• Battleaxes, picks and hammers are far and away the most common of dwarven weapons. These tools and implements of their trades translate well onto the battlefield, using the same muscles and techniques that mining, crafting and smithing do. Indeed, the very word “battleaxe” comes from the Free Dwarf tradition of having two matching copies of a single weapon made; a heavy, working tool stays behind at home and is used by the dwarf at his forge or place of work and the other, usually lighter weapon made for war goes with him off to battle. Thus, a “battle-axe” is literally the copy of your "working" axe you take with you to battle. This is one of the reasons dwarves wield their weapons like extensions of themselves, and why so many tales of tireless dwarven warriors exist.
  • Swords and other weapons do exist, and the dwarves who use them are often the most dedicated and dangerous fighters in the freehold—the tunnel fighters who focus on keeping the mines and warrens clear of monsters and invaders and who need those shorter, close-in weapons where the room needed to properly swing a hammer or axe might not be available. Nearly every dwarf carries a heavy dagger or long-knife, however, for just such occasions. Usually it is worn strapped horizontally to the small of the back for easy access.
  • Like their armor, the weapons of the Free Dwarves use geometric and angular patterns for their weapons. These simple but beautiful designs make dwarf weapons simple to care for and sharpen as well as repair if needed. The stylized face of a warrior ancestor of hero from a dwarf’s clan is often found on the weapon as well as decoration—and a constant reminder both of what is at stake for all dwarves, as well as the heroism and valor of their forebears.
  • Shields are almost as common as axes: it's almost comically difficult to injure a fully-armored dwarven warrior who is skilled at the use of a shield. Like their weapons, shields are decorated with the stylized faces and geometric patterns of the dwarven style. Square or hexagonal shields are common, as are variations of the pentagonal "heater" style shield of the Britons.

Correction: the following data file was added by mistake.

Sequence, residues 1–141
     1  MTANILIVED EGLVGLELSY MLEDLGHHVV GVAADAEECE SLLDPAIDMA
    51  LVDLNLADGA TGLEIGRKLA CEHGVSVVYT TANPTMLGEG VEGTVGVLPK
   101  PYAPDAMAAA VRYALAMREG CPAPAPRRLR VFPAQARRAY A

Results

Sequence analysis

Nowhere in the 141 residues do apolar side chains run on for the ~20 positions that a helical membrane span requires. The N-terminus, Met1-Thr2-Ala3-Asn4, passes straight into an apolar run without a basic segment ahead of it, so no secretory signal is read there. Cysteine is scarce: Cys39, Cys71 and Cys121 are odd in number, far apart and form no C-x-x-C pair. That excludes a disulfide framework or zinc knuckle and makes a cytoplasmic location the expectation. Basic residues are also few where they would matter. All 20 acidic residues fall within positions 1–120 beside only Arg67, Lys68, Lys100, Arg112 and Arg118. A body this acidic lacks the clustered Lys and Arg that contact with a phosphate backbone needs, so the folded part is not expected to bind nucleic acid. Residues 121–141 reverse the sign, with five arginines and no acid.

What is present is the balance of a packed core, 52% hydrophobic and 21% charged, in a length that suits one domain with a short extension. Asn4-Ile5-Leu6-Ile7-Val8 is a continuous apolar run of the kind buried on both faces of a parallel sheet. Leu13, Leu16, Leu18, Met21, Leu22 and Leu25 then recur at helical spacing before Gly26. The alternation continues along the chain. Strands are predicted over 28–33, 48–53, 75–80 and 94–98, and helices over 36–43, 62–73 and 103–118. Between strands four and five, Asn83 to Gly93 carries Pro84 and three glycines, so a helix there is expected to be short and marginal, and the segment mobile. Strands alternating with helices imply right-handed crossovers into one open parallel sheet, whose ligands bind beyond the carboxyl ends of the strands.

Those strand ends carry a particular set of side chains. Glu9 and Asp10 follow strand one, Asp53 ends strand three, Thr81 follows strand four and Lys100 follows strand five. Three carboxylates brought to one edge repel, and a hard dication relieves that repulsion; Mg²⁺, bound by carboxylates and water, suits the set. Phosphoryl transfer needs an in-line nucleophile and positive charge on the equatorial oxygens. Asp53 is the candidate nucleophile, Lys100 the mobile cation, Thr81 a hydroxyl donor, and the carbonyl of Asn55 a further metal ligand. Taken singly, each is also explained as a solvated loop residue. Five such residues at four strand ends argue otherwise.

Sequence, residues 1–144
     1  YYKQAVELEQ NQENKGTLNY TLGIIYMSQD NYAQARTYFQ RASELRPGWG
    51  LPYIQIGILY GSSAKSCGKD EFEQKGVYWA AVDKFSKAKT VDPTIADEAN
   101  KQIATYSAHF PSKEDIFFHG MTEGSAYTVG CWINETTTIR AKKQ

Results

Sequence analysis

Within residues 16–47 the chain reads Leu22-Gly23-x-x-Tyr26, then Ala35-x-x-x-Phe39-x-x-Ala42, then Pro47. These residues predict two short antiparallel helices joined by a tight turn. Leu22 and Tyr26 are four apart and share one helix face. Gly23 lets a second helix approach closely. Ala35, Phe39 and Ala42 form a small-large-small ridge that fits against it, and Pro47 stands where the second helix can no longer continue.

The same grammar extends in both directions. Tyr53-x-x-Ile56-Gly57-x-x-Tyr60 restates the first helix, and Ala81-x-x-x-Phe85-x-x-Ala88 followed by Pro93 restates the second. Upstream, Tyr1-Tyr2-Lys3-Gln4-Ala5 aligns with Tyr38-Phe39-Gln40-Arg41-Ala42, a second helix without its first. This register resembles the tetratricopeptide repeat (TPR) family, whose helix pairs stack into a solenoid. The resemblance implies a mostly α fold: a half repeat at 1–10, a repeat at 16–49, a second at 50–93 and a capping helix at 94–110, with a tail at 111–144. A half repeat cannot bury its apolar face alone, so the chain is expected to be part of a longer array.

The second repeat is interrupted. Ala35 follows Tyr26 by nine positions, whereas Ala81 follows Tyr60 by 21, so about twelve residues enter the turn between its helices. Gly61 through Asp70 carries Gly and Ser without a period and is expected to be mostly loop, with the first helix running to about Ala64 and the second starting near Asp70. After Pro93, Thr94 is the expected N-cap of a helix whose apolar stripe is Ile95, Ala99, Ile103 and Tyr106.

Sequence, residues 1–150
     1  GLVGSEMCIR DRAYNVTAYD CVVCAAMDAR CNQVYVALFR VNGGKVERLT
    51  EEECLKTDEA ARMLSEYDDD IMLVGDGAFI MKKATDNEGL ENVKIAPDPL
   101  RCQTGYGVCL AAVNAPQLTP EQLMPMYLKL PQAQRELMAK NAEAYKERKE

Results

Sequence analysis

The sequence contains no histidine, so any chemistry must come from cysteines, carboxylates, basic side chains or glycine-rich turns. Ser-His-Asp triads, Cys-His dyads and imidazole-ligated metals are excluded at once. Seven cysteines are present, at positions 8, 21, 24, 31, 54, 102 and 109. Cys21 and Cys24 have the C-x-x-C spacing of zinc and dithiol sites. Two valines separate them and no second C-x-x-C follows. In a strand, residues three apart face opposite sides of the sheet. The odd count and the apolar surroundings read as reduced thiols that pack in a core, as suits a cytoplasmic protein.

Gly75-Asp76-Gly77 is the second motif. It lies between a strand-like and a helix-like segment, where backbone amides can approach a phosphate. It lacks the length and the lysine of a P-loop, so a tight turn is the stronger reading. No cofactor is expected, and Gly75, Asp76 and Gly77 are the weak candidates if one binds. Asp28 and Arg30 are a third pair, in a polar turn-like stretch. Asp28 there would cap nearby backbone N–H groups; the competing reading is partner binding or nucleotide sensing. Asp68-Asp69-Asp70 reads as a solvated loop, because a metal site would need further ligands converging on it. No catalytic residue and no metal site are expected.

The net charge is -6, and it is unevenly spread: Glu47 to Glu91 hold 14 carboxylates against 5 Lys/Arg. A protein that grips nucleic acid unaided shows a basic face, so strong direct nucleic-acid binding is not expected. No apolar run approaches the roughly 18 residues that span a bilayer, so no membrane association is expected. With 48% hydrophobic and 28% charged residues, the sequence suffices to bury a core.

Costuming Requirements: Players of all Dwarf characters must wear a brown armband on their left forearm no narrower than 4 inches wide. Male dwarf players should have a beard or wear a costume prosthetic (see above note), and female dwarf players should keep their hair completely braided and have face-paint depicting an angular or geometric design in brown, black, or dark red.
Costuming Note: All racial identifier bands (or simply “race bands”) should be a pure representative of their color. Therefore the yellow race band worn by Sun Elves should not be mustard, orange-red, fluorescent yellow, pastel or any other variation. All effort should be made to keep it as purely YELLOW as possible. This armband should contrast the character’s costume and should be obviously a marker of the race and not a costume item. This ensures that it is easily identifiable on the battlefield and keeps “What race are you?!?” to a minimum. Help your fellow players out.
  • Naming Conventions: All Free Dwarves cling tightly to the naming conventions of their ancestors, just like they cling to the rest of their culture. Male names are two syllables, usually with a strong F, B, or TH sound in the beginning syllable. Female names tend to have more length, and make much use of the same kind of sounds as male names, but do so associated with a vowel, such as ISS, YLLA, and so on. Sample names and resources can be found in Appendix A.
  • Homeland: Free dwarves have no homeland--their ancient kingdom of Valyngaard was broken and usurped by devil-worshipping cultists and has been renamed Ironhall. Each and every Free Dwarf is a refugee or the child of refugees. As such, they have integrated themselves into other races’ cities and settlements, forming close-knit, even xenophobic communities of dwarves. It doesn’t matter what family or clan settles in an area—under all but the most extreme circumstances the dwarves of an area will congregate and work together.
  • Religion: Dwarves were exposed to the White Court through the Empire, but to date no dwarven Church dedicated to the entire pantheon exists. The single-minded dedication of the Free Dwarves means they focus themselves on a single deity entirely. The three gods traditionally revered by the dwarves are Ghorn and his children Dagmar and Emrys. Aenryia and Sarai are given honor due to their status as mother, but the dwarves revere the House of Ghorn first and foremost.
  • Racial Abilities Free Dwarf characters gain the following Racial Traits: Hero, Dwarf, Free Dwarf.
  • Sturdy: Dwarves gain +1 Vitality per tier.